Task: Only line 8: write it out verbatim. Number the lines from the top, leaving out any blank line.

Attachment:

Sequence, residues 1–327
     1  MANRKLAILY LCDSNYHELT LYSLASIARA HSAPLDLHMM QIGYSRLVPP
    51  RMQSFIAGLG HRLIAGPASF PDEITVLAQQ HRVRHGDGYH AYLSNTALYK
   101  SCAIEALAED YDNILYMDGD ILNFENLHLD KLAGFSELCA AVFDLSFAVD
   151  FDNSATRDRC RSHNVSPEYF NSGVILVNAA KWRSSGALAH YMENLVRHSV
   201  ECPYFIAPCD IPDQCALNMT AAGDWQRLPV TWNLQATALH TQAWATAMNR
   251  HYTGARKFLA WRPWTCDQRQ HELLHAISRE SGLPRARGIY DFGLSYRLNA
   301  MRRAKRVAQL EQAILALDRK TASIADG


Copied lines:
   301  MRRAKRVAQL EQAILALDRK TASIADG